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Important super and payroll changes for employers

There are important changes to superannuation – effective from 01 July 2022 – that will have implications for employers, their payroll management and (potentially) their cash flow. The two key changes, announced as part of last year’s Federal Budget, may also entice some employers to rethink their hiring strategies.

Superannuation Guarantee Increase

Increase of the Superannuation Guarantee to 10.5%

From 01 July 2022, the Superannuation Guarantee (SG) – the amount of super you have to pay an employee – increases from 10% to 10.5% of their eligible earnings (ordinary time earnings).

The Superannuation Guarantee is legislated to increase by 0.5% each year until it reaches 12% in 2025.

When Superannuation Guarantee legislation was introduced to super 30 years ago, it expanded coverage of super to 72% of workers in Australia at a rate of 3%.

The Government has continued to expand coverage and increase the rate so that by 2003 the super guarantee rate had increased to nine percent and super covered 90 percent of Australian workers.

With SG reaching 10.5% for the next 12 months, the previous Government also set in motion a change that will further expand coverage of super among Australia’s workforce.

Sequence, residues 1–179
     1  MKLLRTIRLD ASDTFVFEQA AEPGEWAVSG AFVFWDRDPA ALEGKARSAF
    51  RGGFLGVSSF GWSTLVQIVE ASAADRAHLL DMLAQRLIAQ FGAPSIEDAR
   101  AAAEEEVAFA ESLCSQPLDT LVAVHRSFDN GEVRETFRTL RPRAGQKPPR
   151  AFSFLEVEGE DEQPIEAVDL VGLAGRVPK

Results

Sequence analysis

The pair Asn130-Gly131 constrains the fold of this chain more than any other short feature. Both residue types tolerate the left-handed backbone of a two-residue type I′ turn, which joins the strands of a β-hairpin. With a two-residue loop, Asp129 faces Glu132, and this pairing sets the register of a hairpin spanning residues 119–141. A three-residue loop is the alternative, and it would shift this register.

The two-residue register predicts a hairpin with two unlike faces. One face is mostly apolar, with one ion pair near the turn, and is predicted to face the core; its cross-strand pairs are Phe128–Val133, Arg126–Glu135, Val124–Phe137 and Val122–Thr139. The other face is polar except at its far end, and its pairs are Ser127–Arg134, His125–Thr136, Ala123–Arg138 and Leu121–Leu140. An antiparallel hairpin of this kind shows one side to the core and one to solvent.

Removal of the $450 superannuation contributions cap

Currently, employers don’t have to pay superannuation for most workers who earn less than $450 per month. However, from the start of the 2022-2023 financial year, this cap is being removed – meaning employers will need to pay super for all employees over the age of 18, no matter how much they worked or earned in a month.

It’s important to note too that from 01 July 2022, super will be payable to employees under 18 years of age if they work more than 30 hours per week – regardless of how much they earn.

What these payroll changes could mean for your business

How much these changes affect you will depend on the unique nature of your business and your employees.

However, the updates to superannuation likely mean you’ll need to set aside a little more each quarter, accounting for an extra 0.5% on ordinary earnings for those employees who regularly receive super and to start paying 10.5% superannuation for those staff who were previously earning below the $450 threshold.

You’ll also need to confirm you have the correct super information on file for all employees so payments are made to the correct fund and don’t bounce back. You need to offer all eligible employees a choice of a super fund, via a choice form.

Last year’s Your Future Your Super (YFYS) reforms mean you may have to check for an employee’s ‘stapled’ super account if they haven’t provide these details, rather than setting them up in your default fund. Here is a handy reference guide for more information about stapled super funds.

Learn more

It's important to understand your business' latest obligations regarding Superannuation Guarantee contributions, particularly whether the business needs to fund the additional SG rate or simply take the new super amount from employees' existing salaries.

The changes are especially critical for employers with part-time and low-wage workers – these businesses will need to price in both the requirement to pay superannuation for staff where previously they haven’t needed to, as well as the 0.5 percent increase on SG across the board.

If you want to know more about your SG obligations from 01 July 2022, contact one of our Accounting and Business Advisers at The Peak Partnership.

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